A new study, conducted by researchers from Tufts University and published in the scientific journal Nutrients, reports that eating a few pecans daily for a month improved some markers of cardio-metabolic disease risk, and insulin sensitivity, in a group of obese adults having excess abdominal fat.
While previous studies on pecans concentrated on blood lipid changes, this is the first research to examine those markers associated with cardio-metabolic health. Cardio-metabolic risk is relatively a new term used to describe the possibilities of developing cardiovascular and sundry metabolic diseases, as well as type-2 diabetes and also metabolic syndrome. These conditions are collectively responsible for more preventable deaths worldwide than anything else. This research also assessed how pecan consumption affects other markers of cardio-metabolic disease risk, which include insulin resistance, insulin levels, glucose, and beta cell function. This is a measure of the pancreas' ability to not only produce but also secrete insulin and help control the blood sugar level.
Pecans are naturally rich in unsaturated fats, and replacing a part of the saturated fats in diets with more beneficial fats might have contributed to observed changes, says Dr. Diane L. McKay, the lead researcher. She also noted that bioactive compounds could have played an active role. She further explained that obesity and insulin resistance might increase both insulin demand and pancreatic beta cells hyper-function which could eventually lead to dysfunction. She revealed that the study results suggested pecan nutrients might play a key role in boosting normal insulin responses in overweight, obese adults even if the mechanisms of action were yet to be known. It should be mentioned that apart from mono-unsaturated and polyunsaturated fats, pecans also have fiber and essential minerals, and contain bioactive compounds like flavonoids and plant sterols, which may contribute.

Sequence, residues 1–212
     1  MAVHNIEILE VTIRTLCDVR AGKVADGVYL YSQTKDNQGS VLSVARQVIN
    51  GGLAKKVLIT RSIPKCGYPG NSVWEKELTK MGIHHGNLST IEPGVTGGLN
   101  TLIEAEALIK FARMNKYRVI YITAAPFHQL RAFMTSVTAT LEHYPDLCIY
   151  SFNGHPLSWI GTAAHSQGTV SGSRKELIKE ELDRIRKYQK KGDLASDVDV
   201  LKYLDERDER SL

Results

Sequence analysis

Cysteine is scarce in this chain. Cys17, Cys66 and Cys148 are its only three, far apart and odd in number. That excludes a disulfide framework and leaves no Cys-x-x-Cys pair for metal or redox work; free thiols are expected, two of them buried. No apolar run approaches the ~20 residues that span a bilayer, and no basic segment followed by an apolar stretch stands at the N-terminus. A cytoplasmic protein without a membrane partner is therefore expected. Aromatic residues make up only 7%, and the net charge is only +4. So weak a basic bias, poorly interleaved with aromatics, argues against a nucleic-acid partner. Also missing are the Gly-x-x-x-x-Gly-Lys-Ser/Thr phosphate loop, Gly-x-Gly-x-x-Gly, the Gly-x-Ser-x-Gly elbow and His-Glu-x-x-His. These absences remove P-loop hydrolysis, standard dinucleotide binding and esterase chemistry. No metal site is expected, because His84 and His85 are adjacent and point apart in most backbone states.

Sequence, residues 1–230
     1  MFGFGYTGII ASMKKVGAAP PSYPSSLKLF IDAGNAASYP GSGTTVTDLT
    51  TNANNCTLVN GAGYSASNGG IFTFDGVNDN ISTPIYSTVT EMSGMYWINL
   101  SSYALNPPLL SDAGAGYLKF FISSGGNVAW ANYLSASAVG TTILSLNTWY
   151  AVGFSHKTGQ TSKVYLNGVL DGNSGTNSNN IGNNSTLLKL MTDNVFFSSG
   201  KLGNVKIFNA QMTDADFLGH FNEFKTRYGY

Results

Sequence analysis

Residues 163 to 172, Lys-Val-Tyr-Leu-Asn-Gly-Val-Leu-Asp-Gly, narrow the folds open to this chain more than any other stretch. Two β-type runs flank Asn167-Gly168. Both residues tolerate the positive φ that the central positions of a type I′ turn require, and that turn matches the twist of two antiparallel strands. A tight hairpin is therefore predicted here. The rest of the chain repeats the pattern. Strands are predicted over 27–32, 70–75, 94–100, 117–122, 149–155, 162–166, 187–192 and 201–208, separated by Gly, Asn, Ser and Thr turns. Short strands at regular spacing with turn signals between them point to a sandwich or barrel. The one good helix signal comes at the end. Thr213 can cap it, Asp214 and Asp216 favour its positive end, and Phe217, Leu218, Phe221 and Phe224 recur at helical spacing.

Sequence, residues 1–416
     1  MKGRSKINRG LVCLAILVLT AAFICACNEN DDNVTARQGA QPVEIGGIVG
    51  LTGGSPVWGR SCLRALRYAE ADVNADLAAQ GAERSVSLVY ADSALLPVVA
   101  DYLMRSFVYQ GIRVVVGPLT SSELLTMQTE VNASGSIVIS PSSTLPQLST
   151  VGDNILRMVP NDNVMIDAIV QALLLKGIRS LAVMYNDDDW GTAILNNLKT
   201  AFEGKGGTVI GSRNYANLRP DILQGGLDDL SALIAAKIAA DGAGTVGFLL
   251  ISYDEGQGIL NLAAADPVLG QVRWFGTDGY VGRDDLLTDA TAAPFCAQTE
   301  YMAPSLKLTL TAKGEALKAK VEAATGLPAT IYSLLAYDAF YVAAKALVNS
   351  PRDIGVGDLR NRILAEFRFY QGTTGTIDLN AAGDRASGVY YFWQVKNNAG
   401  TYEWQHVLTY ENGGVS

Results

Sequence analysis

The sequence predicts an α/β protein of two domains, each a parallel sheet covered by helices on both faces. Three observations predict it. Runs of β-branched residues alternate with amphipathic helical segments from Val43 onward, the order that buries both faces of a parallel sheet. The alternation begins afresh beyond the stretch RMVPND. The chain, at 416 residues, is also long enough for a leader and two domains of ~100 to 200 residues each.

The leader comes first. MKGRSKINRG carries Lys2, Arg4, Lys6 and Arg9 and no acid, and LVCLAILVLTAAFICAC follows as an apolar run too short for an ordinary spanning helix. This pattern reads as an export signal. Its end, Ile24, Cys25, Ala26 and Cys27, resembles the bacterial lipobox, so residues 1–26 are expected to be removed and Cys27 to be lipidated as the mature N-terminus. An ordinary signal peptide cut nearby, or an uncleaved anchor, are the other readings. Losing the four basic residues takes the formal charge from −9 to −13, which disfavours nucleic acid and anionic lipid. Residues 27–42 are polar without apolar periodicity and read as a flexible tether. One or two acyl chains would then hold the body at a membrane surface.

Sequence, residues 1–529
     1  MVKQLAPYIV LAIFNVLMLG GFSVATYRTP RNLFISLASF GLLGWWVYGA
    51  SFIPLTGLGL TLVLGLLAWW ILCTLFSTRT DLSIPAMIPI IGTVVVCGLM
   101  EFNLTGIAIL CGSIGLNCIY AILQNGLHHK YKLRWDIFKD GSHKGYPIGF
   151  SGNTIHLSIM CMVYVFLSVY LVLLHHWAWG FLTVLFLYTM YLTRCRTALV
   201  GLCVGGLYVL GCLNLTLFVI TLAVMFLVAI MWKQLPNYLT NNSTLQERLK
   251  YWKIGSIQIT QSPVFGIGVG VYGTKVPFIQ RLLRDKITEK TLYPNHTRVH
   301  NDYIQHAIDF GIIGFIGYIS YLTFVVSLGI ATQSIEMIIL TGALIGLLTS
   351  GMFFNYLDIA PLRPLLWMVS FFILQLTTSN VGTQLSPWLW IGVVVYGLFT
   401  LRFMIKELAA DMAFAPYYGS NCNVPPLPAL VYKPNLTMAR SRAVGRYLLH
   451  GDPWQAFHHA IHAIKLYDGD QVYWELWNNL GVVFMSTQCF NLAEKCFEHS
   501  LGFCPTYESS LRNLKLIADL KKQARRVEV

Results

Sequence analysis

The research group compared the impact of a pecan-rich diet to that of a control pecan-free diet containing the same amount of calories, fats, and fiber. The control diet was like an average American diet high in calories, nutrient-poor, and low in fiber, fruits, vegetables, and Omega-3 fatty acids. All meals, including the pecans, were provided to participants. A crossover, double-blind study design was employed for the intervention. For four weeks, participants observed either the pecan-rich diet or the pecan-free control diet. A two-week washout period was taken prior to switching over the groups to the opposite diet for another four weeks. Evaluations were done both at the start and the end of each four-week feeding period.
- Overall findings showed the participants on a pecan-rich diet had greater reductions in insulin resistance, serum insulin and pancreatic bell cell hyper-function, in comparison with the control diet.
- The magnitude of reduction in LDL and total cholesterol for the pecan-rich diet was not significant when compared with the pecan-free diet.
- Other markers of cardio-metabolic disease risk - such as blood pressure and serum glucose - had greater reductions among subjects on the pecan diet than those on the control diet, though the results were not of statistical significance.
- The researchers concurrently assessed five clinically important markers of cardio-metabolic risk, and found that the pecan diet had a significant effect on insulin-related markers associated with the risk.
- Subgroup differences, denoted by gender and also glucose levels, modified these effects of the pecan-rich diet.
- The study was limited by size and duration. Further research is needed to investigate the effects of bioactive compounds found in pecans and also their potential action mechanisms.
McKay concluded that the study shows how making small changes, such as displacing saturated fats in American diets and eating some pecans daily, could make a significance difference in health.
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